He’s always lived for the future and stows his past safe somewhere he hopes he only finds during the loneliest of nights. He wonders, again, as he studies the physique before him – hardened and wearing the lines of both battle scars and age – if the fact that the past is resonating about him signals the coming of something else.

The end of a future.

He thinks of the blade, the light coming off the blade, and that only. A virtuous sword is something he will need to defeat the man before him. Because friendly sparring with wooden swords and dancing around the village fire with girls who wear skirts of embroidered red and laugh as the silver in their ears wink, are relics of a past he has left behind.

Because the man before him has a laugh and a smile that is now kept – not lost – safely away, together with a past that nobody knows about. It sharpens his blade and his mind.

So they are told. Were.

But he knows better and keeps his smile. A grin that stretches widely beneath the moustache he grooms to keep himself busy. To keep the bloodlust at bay when the days are peaceful.

He is the only one who knows what the cross the other wears around his pale neck symbolises. Pale, so pale, and so rare a shade for people from their village (all passion, fire and smoke).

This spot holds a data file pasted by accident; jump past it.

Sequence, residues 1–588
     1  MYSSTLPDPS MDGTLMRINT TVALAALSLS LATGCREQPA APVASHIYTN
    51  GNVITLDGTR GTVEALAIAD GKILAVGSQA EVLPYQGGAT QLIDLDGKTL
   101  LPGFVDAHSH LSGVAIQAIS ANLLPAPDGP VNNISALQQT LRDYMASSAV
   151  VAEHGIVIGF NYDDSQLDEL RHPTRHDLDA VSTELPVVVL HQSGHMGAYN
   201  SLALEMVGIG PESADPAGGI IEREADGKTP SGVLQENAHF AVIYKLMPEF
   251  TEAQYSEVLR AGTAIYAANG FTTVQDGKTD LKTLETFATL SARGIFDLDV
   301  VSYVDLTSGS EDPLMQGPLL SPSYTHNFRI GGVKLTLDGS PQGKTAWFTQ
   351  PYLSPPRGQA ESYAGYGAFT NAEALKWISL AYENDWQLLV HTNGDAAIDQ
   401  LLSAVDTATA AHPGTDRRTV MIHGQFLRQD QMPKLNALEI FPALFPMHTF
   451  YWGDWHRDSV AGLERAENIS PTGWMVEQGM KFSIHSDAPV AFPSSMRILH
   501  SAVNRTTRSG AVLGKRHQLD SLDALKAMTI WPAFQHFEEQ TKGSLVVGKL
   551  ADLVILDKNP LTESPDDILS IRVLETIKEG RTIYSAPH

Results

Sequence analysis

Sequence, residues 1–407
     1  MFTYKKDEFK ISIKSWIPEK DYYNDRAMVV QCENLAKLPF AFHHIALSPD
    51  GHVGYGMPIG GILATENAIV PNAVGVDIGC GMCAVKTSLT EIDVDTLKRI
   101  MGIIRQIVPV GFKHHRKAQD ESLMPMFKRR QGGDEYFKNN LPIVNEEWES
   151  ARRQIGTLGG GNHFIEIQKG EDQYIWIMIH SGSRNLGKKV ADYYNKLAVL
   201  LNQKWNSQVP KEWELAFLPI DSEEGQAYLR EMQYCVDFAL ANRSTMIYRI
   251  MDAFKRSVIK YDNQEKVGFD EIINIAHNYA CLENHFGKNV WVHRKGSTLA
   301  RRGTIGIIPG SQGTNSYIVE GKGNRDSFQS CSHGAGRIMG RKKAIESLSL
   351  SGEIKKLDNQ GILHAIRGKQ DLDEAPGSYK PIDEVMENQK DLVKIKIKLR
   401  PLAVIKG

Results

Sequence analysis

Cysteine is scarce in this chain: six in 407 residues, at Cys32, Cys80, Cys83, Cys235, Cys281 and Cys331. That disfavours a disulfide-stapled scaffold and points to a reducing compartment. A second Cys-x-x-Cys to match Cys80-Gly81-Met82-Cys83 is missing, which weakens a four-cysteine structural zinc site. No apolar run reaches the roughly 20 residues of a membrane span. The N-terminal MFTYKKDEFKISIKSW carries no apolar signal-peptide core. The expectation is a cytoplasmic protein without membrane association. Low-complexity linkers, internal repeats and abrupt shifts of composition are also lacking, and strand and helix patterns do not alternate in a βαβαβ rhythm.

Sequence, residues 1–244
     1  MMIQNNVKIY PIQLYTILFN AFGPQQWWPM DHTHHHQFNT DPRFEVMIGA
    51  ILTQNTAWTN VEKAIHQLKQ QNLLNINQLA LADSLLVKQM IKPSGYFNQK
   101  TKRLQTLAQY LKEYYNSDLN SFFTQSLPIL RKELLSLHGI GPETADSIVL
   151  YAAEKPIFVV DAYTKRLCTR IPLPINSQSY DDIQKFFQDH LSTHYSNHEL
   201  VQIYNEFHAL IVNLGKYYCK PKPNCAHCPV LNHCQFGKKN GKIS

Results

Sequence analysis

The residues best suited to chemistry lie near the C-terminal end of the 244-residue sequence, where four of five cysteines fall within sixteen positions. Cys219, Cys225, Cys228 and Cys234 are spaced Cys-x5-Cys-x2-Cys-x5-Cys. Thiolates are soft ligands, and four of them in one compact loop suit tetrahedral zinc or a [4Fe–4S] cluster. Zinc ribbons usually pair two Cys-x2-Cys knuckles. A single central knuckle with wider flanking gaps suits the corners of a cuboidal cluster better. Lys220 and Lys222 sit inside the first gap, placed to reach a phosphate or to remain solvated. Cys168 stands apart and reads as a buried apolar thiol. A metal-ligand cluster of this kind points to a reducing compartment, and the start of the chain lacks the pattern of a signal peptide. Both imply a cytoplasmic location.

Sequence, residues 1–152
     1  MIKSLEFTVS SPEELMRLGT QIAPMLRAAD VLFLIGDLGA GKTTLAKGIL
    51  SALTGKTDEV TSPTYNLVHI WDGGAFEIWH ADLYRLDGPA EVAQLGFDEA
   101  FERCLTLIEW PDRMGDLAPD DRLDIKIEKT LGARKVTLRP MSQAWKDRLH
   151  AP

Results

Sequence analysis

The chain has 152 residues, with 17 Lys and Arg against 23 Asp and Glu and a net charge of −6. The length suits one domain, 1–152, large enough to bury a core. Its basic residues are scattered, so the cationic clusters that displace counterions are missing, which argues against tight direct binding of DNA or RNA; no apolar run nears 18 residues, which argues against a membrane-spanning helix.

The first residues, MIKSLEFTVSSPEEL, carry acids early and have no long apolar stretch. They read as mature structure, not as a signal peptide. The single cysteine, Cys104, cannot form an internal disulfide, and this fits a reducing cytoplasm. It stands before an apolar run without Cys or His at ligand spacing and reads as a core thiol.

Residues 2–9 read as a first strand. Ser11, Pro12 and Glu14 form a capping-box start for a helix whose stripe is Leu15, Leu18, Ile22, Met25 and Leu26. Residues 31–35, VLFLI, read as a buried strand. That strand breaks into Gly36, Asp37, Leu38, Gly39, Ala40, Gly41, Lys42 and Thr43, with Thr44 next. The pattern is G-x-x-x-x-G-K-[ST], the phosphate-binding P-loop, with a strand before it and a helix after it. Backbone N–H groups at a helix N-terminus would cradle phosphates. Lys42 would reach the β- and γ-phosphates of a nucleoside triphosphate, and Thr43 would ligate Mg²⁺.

It does not symbolise a religious inclination. Not any that he knows about. Nor is it, (laughably enough, the peacock) a mere accessory.

It is the symbol of a blade, the same as the one that he carries, strapped across his back, his burden to carry, the sin of slaying so many with one blade (beautiful, beautiful, beautiful in the moonlight) and a reminder to keep the memories and emotions at bay. To remain virtuous (sharp). Blank.

“You’re faltering.”

His smile widens, and he takes pleasure in seeing the intensity behind all that liquid gold heighten, wary (from experience) and he can almost taste the frown that curls at those lips. Like so many nights before.

“It’s your imagination, Juracule.”

It is one thing to see light reflecting from a blade – so stunning – but the light that is triggered from behind twin pools of gold with their pinpricks of the deepest brown is breathtaking. He pushes harder against their crossed blades and conveys an acknowledgment of that familiarity.

It is a language only they know. Something perfected through many fights (and kisses) under fragmented moonlight, disturbed only by clouds (and the rustling of soft cotton folds over flesh, stifled moans, roughly bitten shoulders and ‘I l—’).

“Then it is time we should end this.”

There is no regret, no recognition in that quiet declaration, its near-silent control contrasting so sharply with the noisy chaos around them. And that is fine, because he doesn’t know what else he would expect to hear.

He feels the disappointment anyway.

“We each have a point in our favour,” he responds blithely, even as he feels the keen sting in his side, where the strength behind the cross the other bears has become a heavy weapon.